Alcohol abuse, especially heavy drinking, has a negative effect on immunity and impairs immune function. When most people think about drinking alcohol, they probably don’t think about the body’s immune system, but alcohol can weaken the body’s defenses against viruses and bacteria, increasing the risk of colds, bacterial infections, and serious illnesses like cancer and liver failure.
Understanding how alcohol affects the body can help you live a longer, healthier life, so it’s crucial to be aware of the damaging effects it can have on the immune system. Learn more about alcohol, inflammation, and immune reactions by reading on.
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Effects Of Alcohol On The Immune System
Alcohol has a variety of physiological effects. Those who frequently drink or who consume a lot of alcohol may experience hangover symptoms like nausea, headache, and dehydration. Alcohol, however, can also compromise the immune system, result in life-threatening illnesses, and increase a person’s susceptibility to infections and viruses. Alcohol immunosuppression can make someone more susceptible to serious illnesses like cancer or septicemia as well as simple colds.
Alcohol makes red blood cells harmfully attach to one another and causes inflammation throughout the body.
Alcohol’s Immediate Effects On The Immune System
You may experience negative health effects shortly after drinking because alcohol begins to affect your body as soon as you start drinking it. Following are some immediate negative effects of alcohol on the immune system:
1. More Disease Vulnerability
Your body starts prioritizing alcohol digestion as soon as you take a sip. This indicates that the body’s metabolism changes to concentrate on breaking down alcohol while using energy away from other vital processes like disease prevention.
Your body’s capacity to fight off viruses and infections is decreased while it is metabolizing alcohol, increasing your risk of getting a cold or another more serious illness.
Additionally, alcohol makes it harder to sleep soundly, which lowers immunity to illness and makes it harder to recover from it. The body can fight off viruses and infections better when it gets enough sleep, and the less sleep you get, the less your immune system can defend your body.
2. Digestive Issues
Alcohol causes gut inflammation and kills beneficial bacteria in the gut. As alcohol moves through the body, it first enters the gastrointestinal system, where it absorbs into the bloodstream.
It modifies the microbiome of the gastrointestinal tract, affecting its integrity and structure.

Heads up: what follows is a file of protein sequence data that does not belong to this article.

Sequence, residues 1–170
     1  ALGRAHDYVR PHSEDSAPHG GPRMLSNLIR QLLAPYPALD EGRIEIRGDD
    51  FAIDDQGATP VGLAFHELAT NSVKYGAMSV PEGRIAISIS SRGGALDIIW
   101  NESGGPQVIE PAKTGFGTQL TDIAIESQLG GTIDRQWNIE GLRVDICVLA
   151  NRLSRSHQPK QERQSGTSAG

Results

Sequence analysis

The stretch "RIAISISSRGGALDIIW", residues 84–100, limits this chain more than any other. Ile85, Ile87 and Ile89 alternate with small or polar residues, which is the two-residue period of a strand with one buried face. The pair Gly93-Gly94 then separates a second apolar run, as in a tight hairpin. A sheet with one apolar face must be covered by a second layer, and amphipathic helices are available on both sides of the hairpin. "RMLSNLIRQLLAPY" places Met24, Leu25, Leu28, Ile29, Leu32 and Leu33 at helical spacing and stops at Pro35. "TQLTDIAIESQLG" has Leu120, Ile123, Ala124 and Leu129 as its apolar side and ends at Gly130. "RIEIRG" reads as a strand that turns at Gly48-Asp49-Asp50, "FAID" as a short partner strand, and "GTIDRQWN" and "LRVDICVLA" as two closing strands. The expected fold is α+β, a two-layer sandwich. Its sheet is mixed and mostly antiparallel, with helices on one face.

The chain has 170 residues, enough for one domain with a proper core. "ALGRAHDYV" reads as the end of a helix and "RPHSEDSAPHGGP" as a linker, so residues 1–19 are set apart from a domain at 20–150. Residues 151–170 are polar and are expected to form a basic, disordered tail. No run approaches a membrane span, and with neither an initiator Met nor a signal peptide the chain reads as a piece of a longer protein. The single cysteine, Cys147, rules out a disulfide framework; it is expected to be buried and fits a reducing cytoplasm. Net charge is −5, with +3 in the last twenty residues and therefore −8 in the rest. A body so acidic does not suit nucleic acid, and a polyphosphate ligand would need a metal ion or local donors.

Microorganisms found in the intestine help to keep the immune system strong, lower the risk of infection, and support healthy digestion. Drinking alcohol destroys this bacteria, making it harder for the body to get rid of pathogens. Viral and bacterial infections can worsen and turn into more serious problems in the absence of healthy gut bacteria. Additionally harming T cells, neutrophils, and epithelial cells, alcohol also impairs the function of the gut barrier.
Damage to the gut barrier and to the intestines’ epithelial cells can impair the body’s ability to absorb nutrients and increase susceptibility to food poisoning. When the gut barrier is compromised, harmful bacteria may enter the bloodstream and cause additional problems.
Alcohol’s Long-Term Effects On The Immune System
Heavy drinking can lead to health issues that, if untreated, can develop into serious conditions. Additionally, if alcohol consumption is continued while having negative effects on the body, those effects may become worse. The following long-term effects can result from heavy or frequent alcohol consumption:
1. Liver Illness
Because the liver filters alcohol, alcohol is a common cause of liver disease. A portion of the liver’s cells die after consuming alcohol, and new ones grow in their place. Heavy drinking over time can weaken a liver’s capacity to repair itself and cause alcoholic liver disease (ALD). The typical progression of this alcoholic liver disease is that it begins as fatty liver disease, then progresses to alcoholic hepatitis, and finally, to alcoholic liver cirrhosis.
2. Liver Disease
The damage is irreversible and causes complications when ALD reaches its most advanced stage, also referred to as alcoholic liver cirrhosis. Because scar tissues accumulate and replace the liver’s regenerative cells, preventing the organ from healing, the damage is irreversible.
3. Viruses Such as Hepatitis B and C
Liver inflammation is a symptom of hepatitis. Hepatitis is frequently brought on by a virus, but it can also be brought on by some prescription drugs, a few medical conditions, excessive alcohol consumption, and transient infections. Alcohol can impair the immune system, making the body more susceptible to illnesses and viruses like hepatitis B and C.
Hepatitis and alcohol use disorders frequently hasten the progression of liver disease, and alcohol consumption can allow the hepatitis virus to persist as a chronic condition.
A serious bloodstream infection is septicemia. It is brought on by a bacterial infection that starts elsewhere in the body and spreads to the bloodstream, such as in the gut, lungs, skin, bladder, or kidneys.
Alcohol can weaken the barrier lining the digestive tract, allowing bacteria and toxins to more easily enter the bloodstream and possibly cause sepsis and septicemia.
5. UTIs of the Urinary Tract
An infection of the kidneys, bladder, or urethra is referred to as a urinary tract infection. Although alcohol doesn’t directly cause UTIs, it can raise a person’s risk of getting one and make the signs of an existing UTI worse. Because alcohol makes it harder for the body’s immune system to function, it also makes it harder for it to fight UTIs because it makes it easier for bacteria to spread throughout the body.